Depression and Robin Williams

After enjoying a fun evening of playing with my nephews and enjoying fellowship with my brother and sister-in-law, I opened my Facebook app to look up something we had been talking about.

The first three status updates were quotes of “Oh Captain, my Captain,” in various lengths. I immediately got
excited, because I thought Dead Poets’ Society was on tv.

I started to scroll further down, and I gasped so loudly that Joseph said, “Well, that can’t be good.”

The lives (and deaths) of celebrities don’t usually impact me much; I appreciate their talent and work but don’t hold much personal attachment to them.

Tonight, though, I was genuinely heartbroken to read of the death of Robin Williams. His body of work is interwoven through every facet of my life: I grew up with Mork on Nick at Night at my grandparents’ house; I was mesmerized by Hook; Aladdin made me want a singing Genie; Dead Poet’s Society made me believe that it was possible to teach with courage, passion, and complete abandon; my last Christmas Day movie date with my first love was to see Patch Adams; I laughed til I cried every week last season while watching The Crazy Ones with parents last season; nearly every unit of my worldview class contains some reference to one of his works, from Mrs. Doubtfire and The Birdcage to What Dreams May Come, because he chose roles that challenged traditional thinking, but did so in a thoughtful and tender way.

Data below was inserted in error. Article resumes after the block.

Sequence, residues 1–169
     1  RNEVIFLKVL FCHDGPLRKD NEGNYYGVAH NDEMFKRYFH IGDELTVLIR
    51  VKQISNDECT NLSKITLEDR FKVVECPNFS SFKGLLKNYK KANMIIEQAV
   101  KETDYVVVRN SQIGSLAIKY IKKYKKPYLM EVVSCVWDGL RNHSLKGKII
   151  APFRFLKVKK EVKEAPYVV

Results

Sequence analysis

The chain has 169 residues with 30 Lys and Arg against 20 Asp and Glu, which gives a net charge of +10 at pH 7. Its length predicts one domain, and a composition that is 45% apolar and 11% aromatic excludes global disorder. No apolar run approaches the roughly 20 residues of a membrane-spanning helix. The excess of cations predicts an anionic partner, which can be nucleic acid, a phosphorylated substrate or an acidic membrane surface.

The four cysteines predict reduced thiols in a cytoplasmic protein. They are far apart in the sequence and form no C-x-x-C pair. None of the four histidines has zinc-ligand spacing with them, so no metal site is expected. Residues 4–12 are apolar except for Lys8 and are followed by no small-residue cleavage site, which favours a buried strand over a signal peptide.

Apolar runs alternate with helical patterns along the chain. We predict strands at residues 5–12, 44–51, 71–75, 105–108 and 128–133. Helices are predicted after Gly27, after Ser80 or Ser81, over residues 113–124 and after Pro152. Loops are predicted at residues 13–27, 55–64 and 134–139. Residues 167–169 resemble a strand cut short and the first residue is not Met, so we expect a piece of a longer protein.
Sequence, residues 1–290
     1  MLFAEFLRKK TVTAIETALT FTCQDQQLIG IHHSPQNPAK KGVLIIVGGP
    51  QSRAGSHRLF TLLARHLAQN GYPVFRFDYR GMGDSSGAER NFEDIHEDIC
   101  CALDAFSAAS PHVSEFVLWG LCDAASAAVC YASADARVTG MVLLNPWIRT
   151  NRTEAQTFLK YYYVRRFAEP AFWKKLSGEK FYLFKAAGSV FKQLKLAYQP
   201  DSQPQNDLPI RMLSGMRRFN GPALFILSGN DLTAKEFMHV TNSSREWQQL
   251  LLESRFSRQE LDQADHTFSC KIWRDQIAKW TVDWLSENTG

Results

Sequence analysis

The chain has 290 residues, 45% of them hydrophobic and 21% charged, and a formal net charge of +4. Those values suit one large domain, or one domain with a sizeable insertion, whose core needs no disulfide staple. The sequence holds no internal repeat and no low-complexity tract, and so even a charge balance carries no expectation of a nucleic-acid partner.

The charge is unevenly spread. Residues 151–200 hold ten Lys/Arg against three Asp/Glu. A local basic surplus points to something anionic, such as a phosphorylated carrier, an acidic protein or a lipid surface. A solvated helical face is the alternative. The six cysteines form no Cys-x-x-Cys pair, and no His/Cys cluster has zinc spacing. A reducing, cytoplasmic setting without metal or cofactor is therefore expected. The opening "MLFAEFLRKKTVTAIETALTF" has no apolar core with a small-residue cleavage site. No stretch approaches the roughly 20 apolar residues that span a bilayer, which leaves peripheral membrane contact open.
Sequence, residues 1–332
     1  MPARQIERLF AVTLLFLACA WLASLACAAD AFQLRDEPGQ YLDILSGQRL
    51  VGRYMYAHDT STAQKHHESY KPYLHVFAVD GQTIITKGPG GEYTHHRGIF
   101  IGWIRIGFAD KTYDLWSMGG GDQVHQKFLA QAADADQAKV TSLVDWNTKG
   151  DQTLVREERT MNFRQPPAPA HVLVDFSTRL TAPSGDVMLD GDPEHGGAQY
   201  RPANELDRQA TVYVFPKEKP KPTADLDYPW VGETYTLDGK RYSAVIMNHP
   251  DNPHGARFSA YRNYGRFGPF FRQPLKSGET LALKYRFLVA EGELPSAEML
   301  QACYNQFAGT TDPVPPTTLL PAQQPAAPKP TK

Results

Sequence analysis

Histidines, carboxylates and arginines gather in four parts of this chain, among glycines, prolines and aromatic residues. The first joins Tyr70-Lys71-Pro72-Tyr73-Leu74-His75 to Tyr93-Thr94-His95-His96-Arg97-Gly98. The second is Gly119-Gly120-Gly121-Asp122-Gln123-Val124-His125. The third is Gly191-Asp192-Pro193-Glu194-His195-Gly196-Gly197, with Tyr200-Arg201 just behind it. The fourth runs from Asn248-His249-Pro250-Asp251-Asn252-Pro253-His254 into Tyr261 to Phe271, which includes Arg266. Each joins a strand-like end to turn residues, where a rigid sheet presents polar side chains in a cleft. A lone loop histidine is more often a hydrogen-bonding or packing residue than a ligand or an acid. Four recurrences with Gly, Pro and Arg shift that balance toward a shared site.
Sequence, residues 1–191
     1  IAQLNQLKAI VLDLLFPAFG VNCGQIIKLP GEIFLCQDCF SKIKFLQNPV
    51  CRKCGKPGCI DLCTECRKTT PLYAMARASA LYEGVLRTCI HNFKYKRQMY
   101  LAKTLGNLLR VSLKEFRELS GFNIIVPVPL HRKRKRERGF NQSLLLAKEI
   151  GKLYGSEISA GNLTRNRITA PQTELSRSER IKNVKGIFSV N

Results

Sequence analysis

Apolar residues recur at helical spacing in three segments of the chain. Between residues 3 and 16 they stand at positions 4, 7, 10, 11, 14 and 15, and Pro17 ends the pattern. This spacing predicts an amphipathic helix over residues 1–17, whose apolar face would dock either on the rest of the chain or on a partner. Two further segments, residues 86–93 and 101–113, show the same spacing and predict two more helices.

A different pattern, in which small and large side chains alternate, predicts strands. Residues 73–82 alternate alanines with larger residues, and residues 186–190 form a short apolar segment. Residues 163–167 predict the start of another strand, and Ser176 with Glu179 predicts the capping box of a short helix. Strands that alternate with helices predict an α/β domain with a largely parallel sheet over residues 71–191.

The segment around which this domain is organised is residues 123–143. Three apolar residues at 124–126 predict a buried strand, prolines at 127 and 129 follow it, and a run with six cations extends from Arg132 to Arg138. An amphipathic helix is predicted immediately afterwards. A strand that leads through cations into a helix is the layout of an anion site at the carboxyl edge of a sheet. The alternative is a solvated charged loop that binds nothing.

Yet with all the joy he brought to the lives of so many, there was always an intense sadness in his eyes that I could tell that he wanted to make people laugh so they wouldn’t experience the pain that he did. Some of the most tender, joy-giving, caring people are the most tortured souls who are simply trying to ensure no one else walks their path.

Those who struggle with depression are often the most empathetic among us, the most feeling and caring people on the planet, and their gift of feeling what others feel is also a curse, because often the weight is simply too much.

To be compassionate members of humanity, we must be cognizant of the pain of those around us, be willing to drop our own masks to reveal struggles so that others are empowered to do the same, and then walk alongside them to ensure we all receive the love, treatment (if needed), and support required to handle all that life throws our way.

To bear one another’s burdens can seem overwhelming at times, but to bear one’s burdens alone is truly unbearable.

Rest in Peace, Robin, with my humble thanks for the incredible gift you were to this world.

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